Tuesday’s hearing will offer members an opportunity to examine the appropriate federal role in accountability and explore innovative state and local efforts to hold schools accountable for student performance. To learn more about this hearing, visit www.edworkforce.house.gov/hearings.
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Oprah, Bill Clinton, Steve Jobs and Madonna. What do all these people have in common? Great charisma. They’re very likeable people; others feel good around them and are greatly influenced by their presence. Most people would say that the charisma they possess could have never been taught. It’s just something they were born with, something only some people are lucky enough to have. Well, the book I’m currently reading may beg to differ.
Charisma, as stated in the Merriam-Webster Dictionary, is “a special magnetic charm or appeal. A personal magic of leadership arousing special popular loyalty or enthusiasm for a public figure.” It’s that quality in a person that helps them lead successful organizations, improve relationships, work a room to their advantage and make an impression in any scenario they might face.
True, it may come naturally to some more than others, but that doesn’t mean you can’t learn how to become more influential and persuasive by following a few guidelines. The Charisma Myth, by Olivia Fox Cabane, gives everyone the tools to create their own charismatic style. The book outlines what Cabane believes to be the main components of charisma; presence, power, and warmth. Then, it offers methods on developing these characteristics, overcoming obstacles in uncomfortable situations, and provides exercises to put these into practice. The book really shows how anyone can develop this characteristic no matter what situation you might find yourself in.
I’m in the process of re-reading The Charisma Myth with my Saturday morning leadership book club. The group includes some friendly faces you might recognize such as David Bergman, Doug Tobin, Gil Troutman, Andy Tse, Jimmy Oyenuga, and Jurgen Weller. Over the next few weeks, as the group and I discuss the book, I’ll be giving you a glimpse into each of the chapters so you too can be given the tools to master the art of personal magnetism.
WASHINGTON, D.C. — U.S. Senator John Thune (R-SD), Ranking Member of the Senate Committee on Commerce, Science, and Transportation, released the following statement after President Obama formally announced the nomination of Penny Pritzker to be the next Commerce Secretary:
“I look forward to learning more about Ms. Pritzker’s background and meeting with her as the confirmation process moves through the Senate Commerce, Science, and Transportation Committee. Americans continue to suffer from weak economic growth and persistent, high unemployment, and I am anx...
Part-timers to lose pay amid health act's new math
Many part-timers are facing a double whammy from President Obama's Affordable Care Act.
The law requires large employers offering health insurance to include part-time employees working 30 hours a week or more. But rather than provide healthcare to more workers, a growing number of employers are cutting back employee hours instead.
The result: Not only will these workers earn less money, but they'll also miss out on health insurance at work.
Consider the city of Long Beach. It is limiting most of its 1,600 part-time employees to fewer than 27 hours a week, on average. City officials say that without cutting payroll hours, new health benefits would cost up to $2 million more next year, and that extra expense would trigger layoffs and cutbacks in city services.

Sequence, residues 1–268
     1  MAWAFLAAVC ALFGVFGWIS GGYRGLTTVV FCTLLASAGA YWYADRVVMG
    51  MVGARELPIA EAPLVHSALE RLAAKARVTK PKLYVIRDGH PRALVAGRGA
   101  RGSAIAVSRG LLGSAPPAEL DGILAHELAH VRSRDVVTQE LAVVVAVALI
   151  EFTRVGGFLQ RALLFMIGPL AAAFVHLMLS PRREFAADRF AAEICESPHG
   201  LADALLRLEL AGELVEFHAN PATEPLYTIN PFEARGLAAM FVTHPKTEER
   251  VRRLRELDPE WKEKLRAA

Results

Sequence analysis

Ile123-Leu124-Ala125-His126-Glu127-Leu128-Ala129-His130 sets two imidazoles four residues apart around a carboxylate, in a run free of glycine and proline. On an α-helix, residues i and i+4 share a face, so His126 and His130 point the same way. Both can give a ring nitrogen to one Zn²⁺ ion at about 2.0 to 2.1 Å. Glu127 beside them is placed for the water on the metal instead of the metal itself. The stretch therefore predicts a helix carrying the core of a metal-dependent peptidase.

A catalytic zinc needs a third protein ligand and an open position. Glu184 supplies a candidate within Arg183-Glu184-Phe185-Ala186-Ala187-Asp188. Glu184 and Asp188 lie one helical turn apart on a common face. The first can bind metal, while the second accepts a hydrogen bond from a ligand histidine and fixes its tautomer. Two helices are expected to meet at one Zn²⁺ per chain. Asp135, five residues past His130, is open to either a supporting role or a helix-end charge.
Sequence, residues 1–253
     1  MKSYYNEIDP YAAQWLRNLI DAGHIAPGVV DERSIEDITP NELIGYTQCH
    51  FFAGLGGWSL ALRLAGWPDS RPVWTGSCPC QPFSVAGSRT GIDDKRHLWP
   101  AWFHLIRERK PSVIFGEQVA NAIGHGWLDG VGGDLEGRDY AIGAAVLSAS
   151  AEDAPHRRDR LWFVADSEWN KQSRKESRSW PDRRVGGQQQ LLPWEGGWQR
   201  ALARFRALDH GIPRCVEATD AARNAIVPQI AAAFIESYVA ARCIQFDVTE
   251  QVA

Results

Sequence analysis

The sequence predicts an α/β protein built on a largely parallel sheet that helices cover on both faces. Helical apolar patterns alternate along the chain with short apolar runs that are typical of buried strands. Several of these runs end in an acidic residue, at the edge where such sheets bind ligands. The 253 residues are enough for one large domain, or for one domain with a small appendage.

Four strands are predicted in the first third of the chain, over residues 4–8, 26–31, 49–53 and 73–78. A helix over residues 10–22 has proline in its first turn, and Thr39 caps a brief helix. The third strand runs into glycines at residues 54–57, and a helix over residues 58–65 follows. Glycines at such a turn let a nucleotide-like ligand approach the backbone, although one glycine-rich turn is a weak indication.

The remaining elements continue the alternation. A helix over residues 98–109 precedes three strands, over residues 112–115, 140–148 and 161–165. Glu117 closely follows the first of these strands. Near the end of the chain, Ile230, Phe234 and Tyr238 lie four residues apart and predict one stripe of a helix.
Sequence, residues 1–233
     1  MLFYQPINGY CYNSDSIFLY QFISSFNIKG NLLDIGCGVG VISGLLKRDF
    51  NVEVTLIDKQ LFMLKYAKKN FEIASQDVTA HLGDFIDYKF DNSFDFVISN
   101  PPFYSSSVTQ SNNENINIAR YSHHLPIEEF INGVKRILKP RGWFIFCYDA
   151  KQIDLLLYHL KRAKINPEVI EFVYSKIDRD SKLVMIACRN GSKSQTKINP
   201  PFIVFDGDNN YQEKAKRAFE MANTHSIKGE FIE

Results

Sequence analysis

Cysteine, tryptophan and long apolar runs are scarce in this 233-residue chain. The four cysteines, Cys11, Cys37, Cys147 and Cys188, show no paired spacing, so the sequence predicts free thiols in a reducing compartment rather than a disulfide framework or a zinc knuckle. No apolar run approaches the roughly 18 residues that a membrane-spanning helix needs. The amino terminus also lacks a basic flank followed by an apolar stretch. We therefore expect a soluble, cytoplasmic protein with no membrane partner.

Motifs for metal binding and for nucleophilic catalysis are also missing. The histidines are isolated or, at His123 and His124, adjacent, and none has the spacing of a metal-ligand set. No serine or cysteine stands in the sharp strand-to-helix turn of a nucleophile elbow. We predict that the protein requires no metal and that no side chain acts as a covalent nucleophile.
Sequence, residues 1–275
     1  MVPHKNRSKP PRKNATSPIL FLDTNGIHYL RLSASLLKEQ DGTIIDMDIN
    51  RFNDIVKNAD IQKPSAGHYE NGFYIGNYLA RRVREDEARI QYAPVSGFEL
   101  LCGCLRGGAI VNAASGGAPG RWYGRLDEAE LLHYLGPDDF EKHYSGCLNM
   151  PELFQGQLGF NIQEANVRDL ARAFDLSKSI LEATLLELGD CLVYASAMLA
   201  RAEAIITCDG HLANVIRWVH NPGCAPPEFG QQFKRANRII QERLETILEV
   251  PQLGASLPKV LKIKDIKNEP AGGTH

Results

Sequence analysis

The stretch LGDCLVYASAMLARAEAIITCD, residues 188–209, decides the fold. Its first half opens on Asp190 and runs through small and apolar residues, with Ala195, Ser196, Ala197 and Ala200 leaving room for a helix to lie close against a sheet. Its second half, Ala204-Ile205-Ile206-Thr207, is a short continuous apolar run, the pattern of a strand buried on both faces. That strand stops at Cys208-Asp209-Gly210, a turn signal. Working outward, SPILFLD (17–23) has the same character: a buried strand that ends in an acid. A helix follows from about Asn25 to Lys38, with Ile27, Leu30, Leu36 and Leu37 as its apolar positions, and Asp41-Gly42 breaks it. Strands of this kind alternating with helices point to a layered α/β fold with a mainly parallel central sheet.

Part-timer Tara Sievers, 43, understands why, but she still thinks it's wrong.
"I understand there are costs to healthcare reform, but it is surely not the intent of the law for employees to lose hours," said the outreach coordinator at the El Dorado Nature Center in Long Beach. "It's ridiculous the city is skirting the law."
Across the nation, hundreds of thousands of other hourly workers may also see smaller paychecks in the coming year because of this response to the federal healthcare law. The law exempts businesses with fewer than 50 full-time workers from this requirement to provide benefits.
But big restaurant chains, retailers and movie theaters are starting to trim employee hours. Even colleges are reducing courses for part-time professors to keep their hours down and avoid paying for their health premiums.
Overall, an estimated 2.3 million workers nationwide, including 240,000 in California, are at risk of losing hours as employers adjust to the new math of workplace benefits, according to research by UC Berkeley. All this comes at a time when part-timers are being hired in greater numbers as U.S. employers look to keep payrolls lean.To read more, click here.
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On April 1, 2013, USTR invited written public comment on the proposed TTIP.
The Office of the United States Trade Representative (USTR) requests public written and oral comments concerning the proposed Transatlantic Trade and Investment Agreement (TTIP). Submission d
On April 30, the Internal Revenue Service (IRS) issued proposed regulations on the health insurance premium tax credit, providing guidance on determining whether healthcare coverage under an eligible employer-sponsored plan provides minimum value.
On April 30, the Internal Revenue Service (IRS) issued proposed regulations on the health insurance premium tax credit, providing guidance on determining whether healthcare coverage under an eligib
On April 24, 2013, the Department of Homeland Security (DHS) and the Department of Labor (DOL) released an Interim Final Rule (IFR) amending the methodology for calculating the prevailing wages to be paid to H-2B workers and U.S. workers recruited under this visa program.
On April 24, 2013, the Department of Homeland Security (DHS) and the Department of Labor (DOL) released an Interim Final Rule (IFR) amending the methodology for calculating the prevailing wages to